Thursday, October 8, 2009

Thank-You Notes - Emails Are A No-No

I'm a thank-you note kind of girl.  Not sure if it was my upbringing or just something I picked up along the way, but I think a nice hand written thank-you note after a meeting or an invite to a dinner, a gathering or a party at someone's home is always warranted.  I posted a while back about the lost art of handwriting so I know that an actual correspondence card, in an envelope, with a stamp on it thank-you note is seldom sent or received in this day and age of technology.  But what about for business?  What is the accepted norm when thanking someone for a business activity?  A presentation or symposium, a meeting, a lunch or a gathering? 
As an example, I attended a very interesting and valuable presentation last night about how to use a certain research tool that will be necessary and helpful in my future career.  I was incredibly impressed with the instructor who very patiently and thoroughly answered all questions, provided many useful examples and gave light anecdotes pertaining to the subject matter.  What is the proper way to thank her for her time?  I, of course, sent out a short email.  But the more I thought about it, the more I wondered if this was truly the acceptable way to show my appreciation.  To this end, I decided to consult my handy Business Etiquette - 101 Ways to Conduct Business with Charm and Savvy by Ann Marie Sabath and see what she had to say about the email thank-you note.  I was surprised that she absolutely does not approve of an email thank-you.  She firmly states that it is never acceptable, even in a business setting.  She asserts that "while it is true that any time someone exerts more than 15 minutes of energy to do something for you, a written or keyed thank you is definitely in order, but a thank-you note via email is like trying to give someone a hug without touching them."  By the way, the term keyed should obviously not be mistaken for email.  She means that while a hand written note is best (see? practice your handwriting!), one on the computer and sent via post is acceptable.  Interesting.  Her reasoning is that you want to show that you went out of your way to express your thanks and that you are not simply crossing off an item on your daily to-do list.  Absolute surprise on my part.  I was in breach of good and proper business etiquette.  Who knew?  With this in mind, I will certainly be more aware of the proper business "thank you" etiquette in the future and make sure I stock up on those beautiful embossed correspondence cards.   Of course, I hate to say it but I am sure that I will still be in the minority when it comes to proper business thank-you note etiquette.  Perhaps a little crash course for teens, along with manners and civility might not be a bad idea.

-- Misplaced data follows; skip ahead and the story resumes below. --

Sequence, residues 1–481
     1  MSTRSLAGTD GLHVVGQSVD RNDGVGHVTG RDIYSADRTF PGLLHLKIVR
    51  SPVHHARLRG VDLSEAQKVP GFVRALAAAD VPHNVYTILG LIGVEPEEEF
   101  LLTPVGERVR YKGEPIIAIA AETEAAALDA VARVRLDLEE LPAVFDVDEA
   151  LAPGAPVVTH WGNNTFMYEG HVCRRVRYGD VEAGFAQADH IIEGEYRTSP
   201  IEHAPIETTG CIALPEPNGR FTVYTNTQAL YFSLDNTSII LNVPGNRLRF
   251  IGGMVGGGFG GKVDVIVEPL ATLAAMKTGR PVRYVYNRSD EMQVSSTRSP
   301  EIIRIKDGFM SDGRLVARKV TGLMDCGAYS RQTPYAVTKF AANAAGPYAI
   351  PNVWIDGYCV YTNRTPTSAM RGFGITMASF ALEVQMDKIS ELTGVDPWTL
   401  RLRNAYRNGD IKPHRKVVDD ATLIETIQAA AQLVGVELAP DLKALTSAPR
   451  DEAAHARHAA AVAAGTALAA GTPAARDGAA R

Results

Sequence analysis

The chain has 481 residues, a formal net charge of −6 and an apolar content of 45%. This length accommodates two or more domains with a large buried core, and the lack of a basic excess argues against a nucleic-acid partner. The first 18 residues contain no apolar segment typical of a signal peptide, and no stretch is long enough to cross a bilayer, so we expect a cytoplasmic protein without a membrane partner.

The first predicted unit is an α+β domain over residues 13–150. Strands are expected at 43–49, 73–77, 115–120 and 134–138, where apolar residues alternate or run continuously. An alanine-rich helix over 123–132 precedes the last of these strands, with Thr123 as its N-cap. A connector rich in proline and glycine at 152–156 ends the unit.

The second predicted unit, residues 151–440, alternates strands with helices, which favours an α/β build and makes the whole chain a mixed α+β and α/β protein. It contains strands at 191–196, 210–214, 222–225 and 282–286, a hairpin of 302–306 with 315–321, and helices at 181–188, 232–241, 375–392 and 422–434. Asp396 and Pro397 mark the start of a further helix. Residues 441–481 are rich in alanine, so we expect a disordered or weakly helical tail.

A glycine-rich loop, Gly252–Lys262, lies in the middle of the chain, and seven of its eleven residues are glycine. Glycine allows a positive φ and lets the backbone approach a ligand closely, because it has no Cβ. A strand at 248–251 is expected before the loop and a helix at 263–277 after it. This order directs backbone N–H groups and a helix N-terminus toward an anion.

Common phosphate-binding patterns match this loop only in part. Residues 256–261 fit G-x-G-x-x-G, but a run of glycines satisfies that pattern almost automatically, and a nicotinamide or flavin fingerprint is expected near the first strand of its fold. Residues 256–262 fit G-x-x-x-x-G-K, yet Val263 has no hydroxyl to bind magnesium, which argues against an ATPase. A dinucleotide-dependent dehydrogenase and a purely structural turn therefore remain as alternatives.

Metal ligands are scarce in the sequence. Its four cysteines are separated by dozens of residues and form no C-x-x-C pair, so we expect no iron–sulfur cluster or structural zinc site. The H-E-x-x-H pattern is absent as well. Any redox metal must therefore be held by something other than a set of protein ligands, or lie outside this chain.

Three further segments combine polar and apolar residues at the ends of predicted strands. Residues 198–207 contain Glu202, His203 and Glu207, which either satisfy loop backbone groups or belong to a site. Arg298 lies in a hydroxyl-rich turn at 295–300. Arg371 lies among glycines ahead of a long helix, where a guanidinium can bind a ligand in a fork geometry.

1 comment:

  1. Learning from you is fun and I've already taken your "handwriting" offering to heart. Started corresponding with an old friend the way I did in college, with a pen and a stamp. What a pain! We have accumulated about as many occasion cards as a Hallmark store, so they must be sifted through. Then I must put on my best penmanship cap for the address. Finding a stamp is easy and, as long as it isn't snowing, the walk to the PO a welcome diversion. Not. But it has had an effect on the recipient's life, if only for the created anticipation.
    Thank you me please!


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